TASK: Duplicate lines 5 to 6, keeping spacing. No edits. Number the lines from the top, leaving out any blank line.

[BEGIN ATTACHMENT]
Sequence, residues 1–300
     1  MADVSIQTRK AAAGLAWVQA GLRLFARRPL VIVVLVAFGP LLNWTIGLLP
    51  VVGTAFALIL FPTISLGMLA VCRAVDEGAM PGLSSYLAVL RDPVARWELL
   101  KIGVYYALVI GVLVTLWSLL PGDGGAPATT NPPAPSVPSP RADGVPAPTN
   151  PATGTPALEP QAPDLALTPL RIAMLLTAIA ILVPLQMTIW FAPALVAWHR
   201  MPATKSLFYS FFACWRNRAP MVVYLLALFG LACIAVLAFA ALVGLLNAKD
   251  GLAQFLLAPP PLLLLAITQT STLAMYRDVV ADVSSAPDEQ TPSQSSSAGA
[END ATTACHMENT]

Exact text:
   151  PATGTPALEP QAPDLALTPL RIAMLLTAIA ILVPLQMTIW FAPALVAWHR
   201  MPATKSLFYS FFACWRNRAP MVVYLLALFG LACIAVLAFA ALVGLLNAKD